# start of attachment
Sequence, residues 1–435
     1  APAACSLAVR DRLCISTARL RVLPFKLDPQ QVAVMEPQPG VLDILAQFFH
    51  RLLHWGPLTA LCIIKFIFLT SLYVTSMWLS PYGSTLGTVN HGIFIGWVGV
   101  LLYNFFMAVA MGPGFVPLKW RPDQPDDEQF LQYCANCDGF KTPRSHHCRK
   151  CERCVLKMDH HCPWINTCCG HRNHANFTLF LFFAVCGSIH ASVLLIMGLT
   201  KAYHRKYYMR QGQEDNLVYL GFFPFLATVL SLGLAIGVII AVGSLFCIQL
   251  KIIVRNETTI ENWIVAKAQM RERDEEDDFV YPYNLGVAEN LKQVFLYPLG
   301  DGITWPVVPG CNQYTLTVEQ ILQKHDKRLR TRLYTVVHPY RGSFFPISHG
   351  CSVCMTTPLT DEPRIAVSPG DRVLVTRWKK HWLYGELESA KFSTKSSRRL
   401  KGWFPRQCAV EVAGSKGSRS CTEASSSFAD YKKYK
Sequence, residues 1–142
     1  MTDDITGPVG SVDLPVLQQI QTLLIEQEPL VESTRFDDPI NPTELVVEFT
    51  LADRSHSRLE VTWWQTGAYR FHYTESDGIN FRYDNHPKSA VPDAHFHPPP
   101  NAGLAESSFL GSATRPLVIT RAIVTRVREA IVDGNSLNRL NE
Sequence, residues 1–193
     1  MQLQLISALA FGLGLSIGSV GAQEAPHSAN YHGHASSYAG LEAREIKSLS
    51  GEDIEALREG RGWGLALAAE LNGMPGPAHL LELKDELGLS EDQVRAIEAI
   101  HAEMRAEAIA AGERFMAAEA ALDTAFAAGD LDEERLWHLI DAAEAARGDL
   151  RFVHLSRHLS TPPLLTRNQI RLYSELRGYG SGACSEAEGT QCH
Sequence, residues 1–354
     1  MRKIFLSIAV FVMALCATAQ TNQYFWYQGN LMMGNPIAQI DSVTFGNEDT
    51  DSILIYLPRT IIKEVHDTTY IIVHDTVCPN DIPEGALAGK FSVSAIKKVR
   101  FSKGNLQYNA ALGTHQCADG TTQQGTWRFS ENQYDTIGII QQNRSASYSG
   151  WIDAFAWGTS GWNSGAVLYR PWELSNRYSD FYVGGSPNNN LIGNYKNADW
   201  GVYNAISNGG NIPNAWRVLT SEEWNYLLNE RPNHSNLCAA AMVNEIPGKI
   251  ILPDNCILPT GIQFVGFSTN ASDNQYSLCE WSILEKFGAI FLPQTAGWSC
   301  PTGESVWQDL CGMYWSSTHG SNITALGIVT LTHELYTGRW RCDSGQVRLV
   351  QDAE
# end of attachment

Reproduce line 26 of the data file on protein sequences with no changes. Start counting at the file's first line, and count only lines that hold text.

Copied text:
   251  ILPDNCILPT GIQFVGFSTN ASDNQYSLCE WSILEKFGAI FLPQTAGWSC